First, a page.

Dennis D. McDonald (ddmcd@outlook.com) is an independent consultant located in Alexandria Virginia. His services and capabilities are described here. Application areas include project, program, and data management; market assessment, digital strategy, and program planning; change and content management; social media; and, technology adoption. Follow him on Google+. He also publishes on CTOvision.com and aNewDomain.

CIO.com Article Promotes Internal Company Blogs

By Dennis D. McDonald

CIO.com's Seven Reasons for Your Company to Start an Internal Blog lists the following:

  1. Your enterprise e-mail applications are not easy to search.
  2. Your e-mail is lost in the eye of the “cc storm.”
  3. Ex-employees can take it with them.
  4. Too much wasted time checking in with colleagues.
  5. With blogs, the humble and the egotist both win.
  6. Organizational openness and accountability.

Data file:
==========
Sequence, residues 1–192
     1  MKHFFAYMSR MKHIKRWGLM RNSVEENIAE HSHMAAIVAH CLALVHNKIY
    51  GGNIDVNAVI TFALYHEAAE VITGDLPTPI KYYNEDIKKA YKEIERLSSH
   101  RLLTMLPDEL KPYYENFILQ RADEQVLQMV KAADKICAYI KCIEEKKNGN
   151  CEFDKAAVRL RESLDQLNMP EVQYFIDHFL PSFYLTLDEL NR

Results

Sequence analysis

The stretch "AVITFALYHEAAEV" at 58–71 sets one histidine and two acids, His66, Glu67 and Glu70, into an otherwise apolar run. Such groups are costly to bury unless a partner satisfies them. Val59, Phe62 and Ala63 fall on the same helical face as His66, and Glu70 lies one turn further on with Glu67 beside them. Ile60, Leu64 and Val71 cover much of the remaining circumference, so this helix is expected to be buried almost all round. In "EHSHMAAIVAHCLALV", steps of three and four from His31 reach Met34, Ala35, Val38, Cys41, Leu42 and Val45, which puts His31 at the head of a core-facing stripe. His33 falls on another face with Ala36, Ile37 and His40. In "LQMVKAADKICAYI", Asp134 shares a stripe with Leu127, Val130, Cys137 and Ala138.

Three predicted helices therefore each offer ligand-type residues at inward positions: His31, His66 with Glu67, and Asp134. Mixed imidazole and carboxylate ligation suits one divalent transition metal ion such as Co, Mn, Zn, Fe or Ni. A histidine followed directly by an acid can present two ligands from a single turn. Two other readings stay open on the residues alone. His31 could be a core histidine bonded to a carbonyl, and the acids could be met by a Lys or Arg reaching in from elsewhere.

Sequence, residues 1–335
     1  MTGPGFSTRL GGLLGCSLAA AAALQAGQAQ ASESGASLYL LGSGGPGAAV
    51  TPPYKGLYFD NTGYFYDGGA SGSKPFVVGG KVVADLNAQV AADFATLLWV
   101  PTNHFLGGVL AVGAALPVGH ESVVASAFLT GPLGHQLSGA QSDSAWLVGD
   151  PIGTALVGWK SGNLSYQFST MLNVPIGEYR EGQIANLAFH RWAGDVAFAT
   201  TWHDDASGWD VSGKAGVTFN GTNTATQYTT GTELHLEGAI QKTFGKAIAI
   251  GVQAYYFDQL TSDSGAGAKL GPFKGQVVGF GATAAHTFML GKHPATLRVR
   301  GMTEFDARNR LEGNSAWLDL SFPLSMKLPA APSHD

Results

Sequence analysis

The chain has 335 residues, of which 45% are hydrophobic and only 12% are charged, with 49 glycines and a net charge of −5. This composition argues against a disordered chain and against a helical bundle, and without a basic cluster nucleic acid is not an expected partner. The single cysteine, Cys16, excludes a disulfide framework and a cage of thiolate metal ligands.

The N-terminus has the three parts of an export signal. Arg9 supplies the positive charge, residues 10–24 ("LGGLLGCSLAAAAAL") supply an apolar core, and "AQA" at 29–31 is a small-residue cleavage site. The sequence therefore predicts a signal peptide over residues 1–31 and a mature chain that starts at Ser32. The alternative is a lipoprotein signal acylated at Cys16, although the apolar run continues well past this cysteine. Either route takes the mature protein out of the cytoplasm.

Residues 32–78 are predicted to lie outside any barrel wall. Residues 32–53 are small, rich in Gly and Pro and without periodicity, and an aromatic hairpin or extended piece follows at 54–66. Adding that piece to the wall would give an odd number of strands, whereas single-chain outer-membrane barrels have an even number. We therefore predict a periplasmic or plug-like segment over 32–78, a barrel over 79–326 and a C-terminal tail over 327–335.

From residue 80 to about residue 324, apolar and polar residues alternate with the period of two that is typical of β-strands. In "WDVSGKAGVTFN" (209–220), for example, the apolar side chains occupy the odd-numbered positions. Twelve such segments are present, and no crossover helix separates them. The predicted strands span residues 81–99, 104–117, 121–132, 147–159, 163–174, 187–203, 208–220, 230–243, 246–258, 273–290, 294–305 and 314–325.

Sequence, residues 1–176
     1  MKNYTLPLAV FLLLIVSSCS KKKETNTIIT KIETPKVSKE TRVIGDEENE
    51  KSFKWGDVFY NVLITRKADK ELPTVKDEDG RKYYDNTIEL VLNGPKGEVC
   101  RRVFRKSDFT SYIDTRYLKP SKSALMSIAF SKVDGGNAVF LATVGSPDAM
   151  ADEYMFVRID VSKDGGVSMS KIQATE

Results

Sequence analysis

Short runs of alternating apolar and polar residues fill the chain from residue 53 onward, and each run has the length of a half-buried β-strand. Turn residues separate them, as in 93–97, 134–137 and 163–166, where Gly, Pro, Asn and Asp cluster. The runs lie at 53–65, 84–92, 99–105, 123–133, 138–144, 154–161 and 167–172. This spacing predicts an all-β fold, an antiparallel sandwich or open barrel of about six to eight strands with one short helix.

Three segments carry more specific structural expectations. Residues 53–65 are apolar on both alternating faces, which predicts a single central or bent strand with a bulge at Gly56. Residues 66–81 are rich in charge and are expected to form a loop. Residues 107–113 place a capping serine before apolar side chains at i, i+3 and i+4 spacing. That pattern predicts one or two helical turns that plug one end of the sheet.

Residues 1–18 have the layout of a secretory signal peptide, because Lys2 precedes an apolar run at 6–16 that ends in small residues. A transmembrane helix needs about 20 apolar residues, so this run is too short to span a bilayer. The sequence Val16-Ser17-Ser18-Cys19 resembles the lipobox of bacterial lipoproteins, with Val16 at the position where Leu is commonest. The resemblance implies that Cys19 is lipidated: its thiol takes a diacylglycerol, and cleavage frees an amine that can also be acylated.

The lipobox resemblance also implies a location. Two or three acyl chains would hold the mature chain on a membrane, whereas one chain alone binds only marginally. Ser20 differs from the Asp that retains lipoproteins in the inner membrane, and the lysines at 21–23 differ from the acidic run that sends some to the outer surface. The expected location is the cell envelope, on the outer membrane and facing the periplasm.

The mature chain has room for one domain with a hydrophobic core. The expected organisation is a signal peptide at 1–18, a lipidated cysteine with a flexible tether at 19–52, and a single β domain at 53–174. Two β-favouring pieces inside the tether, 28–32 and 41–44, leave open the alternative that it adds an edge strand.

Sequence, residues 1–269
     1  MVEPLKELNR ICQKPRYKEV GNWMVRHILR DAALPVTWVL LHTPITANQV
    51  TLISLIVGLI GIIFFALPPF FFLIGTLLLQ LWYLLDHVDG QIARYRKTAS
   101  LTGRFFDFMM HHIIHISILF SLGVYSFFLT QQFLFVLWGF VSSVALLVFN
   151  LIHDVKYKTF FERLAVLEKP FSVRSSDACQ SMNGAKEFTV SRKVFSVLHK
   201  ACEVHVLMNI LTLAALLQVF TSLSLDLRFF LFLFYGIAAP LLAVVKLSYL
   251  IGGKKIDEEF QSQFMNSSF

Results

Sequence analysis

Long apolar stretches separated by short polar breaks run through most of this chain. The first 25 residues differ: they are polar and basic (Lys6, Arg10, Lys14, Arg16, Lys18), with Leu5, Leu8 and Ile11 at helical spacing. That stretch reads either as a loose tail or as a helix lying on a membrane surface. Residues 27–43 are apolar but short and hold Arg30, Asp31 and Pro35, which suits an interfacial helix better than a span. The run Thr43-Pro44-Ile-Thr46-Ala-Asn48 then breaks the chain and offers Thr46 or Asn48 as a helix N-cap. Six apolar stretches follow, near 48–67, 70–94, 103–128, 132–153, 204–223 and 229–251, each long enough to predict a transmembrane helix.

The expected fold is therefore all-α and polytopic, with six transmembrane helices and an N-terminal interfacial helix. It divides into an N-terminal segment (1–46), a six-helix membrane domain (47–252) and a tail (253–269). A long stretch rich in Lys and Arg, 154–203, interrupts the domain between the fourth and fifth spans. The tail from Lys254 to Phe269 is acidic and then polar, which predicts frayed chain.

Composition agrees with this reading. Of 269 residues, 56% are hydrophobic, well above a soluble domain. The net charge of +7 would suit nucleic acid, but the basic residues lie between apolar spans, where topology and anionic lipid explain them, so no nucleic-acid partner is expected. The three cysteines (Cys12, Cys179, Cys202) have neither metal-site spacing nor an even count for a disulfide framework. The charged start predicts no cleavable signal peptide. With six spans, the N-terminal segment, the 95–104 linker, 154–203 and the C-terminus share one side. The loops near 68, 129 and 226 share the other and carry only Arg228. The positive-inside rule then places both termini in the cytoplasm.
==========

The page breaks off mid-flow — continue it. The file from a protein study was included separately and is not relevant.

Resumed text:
7. People might already be using them. 

I personally agree with much of the discussion in this article, especially with the  article's subheading:

Proponents say an in-house blog can be like a bulletin board, communication tool and culture enhancement. Plus, it's better than tracking projects by e-mail.

Nevertheless, my consulting as well as my own research (the interviewing I've done so far for my project blog survey and last year's Web 2.0 Management Survey) have uncovered corporate resistance to blogging that is based partially on ignorance, partially on misconceptions about what blogging is -- and partially on rational concerns about costs, effectiveness, security, and privacy.

I'm going to withhold judgement till I get a few more interviews under my belt.

Still, I have to agree with the CIO.com comment about the email, and about meetings as well. Blogs can be an easy to set up and manage tool to centralize pages and documents for discussion and review. They can also help to overcome some of the problems that arise when an organization relies heavily on difficult to convene meetings for information exchange.

Sometimes having just one individual miss a meeting can result in weeks of delay on an important project. Using  a blog as a repository for discussions and issues can mean that the person who missed the meeting doesn't have to wait days or weeks to get caught up.

 

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